Jury's Still Out on Whether Local Mergers Will Increase Healthcare Costs

A new report paid for by America’s Health Insurance Plans (AHIP) suggests a merger between Mountain States Health Alliance (MSHA) and Wellmont Health System would “likely lead to significantly higher post-merger prices.” AHIP aims to “advocate for public policies that expand access to affordable health care coverage to all Americans through a competitive marketplace that fosters choice, quality and innovation.” Competition Economics, LLC completed the report last month and concluded a merger would give the new organization a 77% market share, which would likely cause prices to shoot up.

MHSA and Wellmont have insisted the proposed merger will reduce healthcare costs and are currently in the process of applying for Certificates of Public Advantage (COPA) in both Tennessee and Virginia. They say the COPA process will insure the merger is in the public’s best interest. In a joint news release the two health systems called out AHIP as being an offender of increased healthcare costs saying that their efforts, “have led to double digit increases in health insurance premiums for consumers this year."
The newly formed system made by MSHA and Wellmont has had overwhelming support from the business community, the public and local elected officials. The system will include enforceable commitments to increase services, protect rural access, improve community health, and reduce significant growth in costs. MSHA CEO Alan Levine has said they will fully respond with actual facts to counter the study paid for by AHIP. Additionally, he notes that there is a study from Clemson University, Hospital Systems and Bargaining Power:  Evidence from Out-of-Market Acquisitions, which suggest that a local merger would be a good thing.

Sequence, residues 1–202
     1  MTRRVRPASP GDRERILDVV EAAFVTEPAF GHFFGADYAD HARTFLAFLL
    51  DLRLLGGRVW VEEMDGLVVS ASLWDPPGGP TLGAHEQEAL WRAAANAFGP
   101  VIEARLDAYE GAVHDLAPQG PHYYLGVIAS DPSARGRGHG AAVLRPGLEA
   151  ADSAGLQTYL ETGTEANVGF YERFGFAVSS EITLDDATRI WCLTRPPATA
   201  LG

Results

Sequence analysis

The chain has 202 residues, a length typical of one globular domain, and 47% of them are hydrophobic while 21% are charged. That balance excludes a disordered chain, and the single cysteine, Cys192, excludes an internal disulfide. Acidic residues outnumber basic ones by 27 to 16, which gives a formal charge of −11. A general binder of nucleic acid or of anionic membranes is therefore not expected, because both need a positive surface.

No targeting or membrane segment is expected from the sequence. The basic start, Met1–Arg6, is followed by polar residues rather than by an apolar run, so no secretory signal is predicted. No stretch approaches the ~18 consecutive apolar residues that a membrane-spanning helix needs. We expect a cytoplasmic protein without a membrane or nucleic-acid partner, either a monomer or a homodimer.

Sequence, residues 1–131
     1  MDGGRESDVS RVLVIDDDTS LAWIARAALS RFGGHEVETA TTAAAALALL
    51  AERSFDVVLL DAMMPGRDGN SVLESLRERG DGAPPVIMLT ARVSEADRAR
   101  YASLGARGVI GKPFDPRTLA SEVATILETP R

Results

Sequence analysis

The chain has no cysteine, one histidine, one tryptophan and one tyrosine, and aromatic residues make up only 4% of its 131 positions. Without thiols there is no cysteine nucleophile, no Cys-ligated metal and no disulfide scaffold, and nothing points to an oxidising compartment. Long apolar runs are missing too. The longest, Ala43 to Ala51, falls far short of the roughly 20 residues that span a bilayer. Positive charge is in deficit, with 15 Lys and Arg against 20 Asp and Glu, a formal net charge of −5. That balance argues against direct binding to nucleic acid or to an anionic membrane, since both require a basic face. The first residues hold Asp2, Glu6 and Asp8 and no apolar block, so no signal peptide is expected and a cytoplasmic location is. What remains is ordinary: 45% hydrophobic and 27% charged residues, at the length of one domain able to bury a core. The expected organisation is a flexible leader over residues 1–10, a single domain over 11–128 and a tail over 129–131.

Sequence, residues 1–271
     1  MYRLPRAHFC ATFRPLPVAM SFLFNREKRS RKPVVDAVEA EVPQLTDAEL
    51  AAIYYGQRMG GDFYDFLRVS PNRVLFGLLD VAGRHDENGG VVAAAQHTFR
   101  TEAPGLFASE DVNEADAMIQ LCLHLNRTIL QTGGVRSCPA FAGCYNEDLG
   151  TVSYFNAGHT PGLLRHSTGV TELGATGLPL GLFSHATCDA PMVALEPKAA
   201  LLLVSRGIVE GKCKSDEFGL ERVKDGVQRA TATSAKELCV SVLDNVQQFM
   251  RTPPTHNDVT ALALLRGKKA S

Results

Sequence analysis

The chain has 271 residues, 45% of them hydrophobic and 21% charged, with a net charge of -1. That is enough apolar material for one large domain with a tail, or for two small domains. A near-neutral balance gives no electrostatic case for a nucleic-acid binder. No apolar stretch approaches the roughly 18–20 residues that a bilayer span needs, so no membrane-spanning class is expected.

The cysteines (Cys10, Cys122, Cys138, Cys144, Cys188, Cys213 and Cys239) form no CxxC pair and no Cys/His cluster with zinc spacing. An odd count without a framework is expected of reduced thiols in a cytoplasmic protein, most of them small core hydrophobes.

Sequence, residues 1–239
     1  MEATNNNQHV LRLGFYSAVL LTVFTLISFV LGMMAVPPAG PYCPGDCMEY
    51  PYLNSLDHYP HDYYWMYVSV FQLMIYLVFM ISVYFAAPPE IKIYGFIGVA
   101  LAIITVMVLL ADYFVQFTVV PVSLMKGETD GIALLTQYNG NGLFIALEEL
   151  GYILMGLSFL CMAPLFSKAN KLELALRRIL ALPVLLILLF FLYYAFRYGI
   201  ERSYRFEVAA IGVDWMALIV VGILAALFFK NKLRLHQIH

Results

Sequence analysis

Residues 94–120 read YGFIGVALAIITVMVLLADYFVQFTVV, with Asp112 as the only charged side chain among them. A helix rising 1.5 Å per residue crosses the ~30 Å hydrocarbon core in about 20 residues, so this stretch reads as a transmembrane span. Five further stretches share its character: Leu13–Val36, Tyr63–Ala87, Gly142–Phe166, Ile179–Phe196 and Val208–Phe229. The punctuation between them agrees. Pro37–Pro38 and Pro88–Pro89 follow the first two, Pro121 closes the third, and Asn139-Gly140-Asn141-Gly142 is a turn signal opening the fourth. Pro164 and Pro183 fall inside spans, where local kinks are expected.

This is true in Wellmont’s case, because the alternative would have been joining a large out-of-market system, where prices would have gone up 14-18%. Ironically, the Federal Trade Commission (FTC) is approving many mergers of that nature, which are actually hurting consumers. FTC spokesperson Betsy Lordan says generally the agency likes to see competition, “When health care markets are competitive, consumers benefit from lower costs, better care and more innovation.” However, there is still no definitive answer as to whether these local mergers will hurt consumers as much as the AHIP asserts that they will and so the debate continues on the lasting effect that these local mergers will have on healthcare consumers.

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